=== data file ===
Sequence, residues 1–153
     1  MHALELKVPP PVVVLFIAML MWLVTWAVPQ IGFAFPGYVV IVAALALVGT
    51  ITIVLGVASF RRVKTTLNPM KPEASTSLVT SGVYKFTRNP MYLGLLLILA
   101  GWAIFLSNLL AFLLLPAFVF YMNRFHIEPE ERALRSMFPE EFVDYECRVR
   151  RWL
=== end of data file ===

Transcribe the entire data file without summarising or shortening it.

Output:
Sequence, residues 1–153
     1  MHALELKVPP PVVVLFIAML MWLVTWAVPQ IGFAFPGYVV IVAALALVGT
    51  ITIVLGVASF RRVKTTLNPM KPEASTSLVT SGVYKFTRNP MYLGLLLILA
   101  GWAIFLSNLL AFLLLPAFVF YMNRFHIEPE ERALRSMFPE EFVDYECRVR
   151  RWL